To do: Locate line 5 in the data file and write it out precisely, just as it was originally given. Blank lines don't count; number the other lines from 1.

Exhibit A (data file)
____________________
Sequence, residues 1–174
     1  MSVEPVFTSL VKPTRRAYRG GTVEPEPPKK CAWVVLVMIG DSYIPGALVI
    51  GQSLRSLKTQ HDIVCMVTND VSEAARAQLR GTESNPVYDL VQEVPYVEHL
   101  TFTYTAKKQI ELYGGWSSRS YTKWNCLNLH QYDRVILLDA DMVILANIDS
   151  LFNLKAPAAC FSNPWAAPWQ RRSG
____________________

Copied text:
   151  LFNLKAPAAC FSNPWAAPWQ RRSG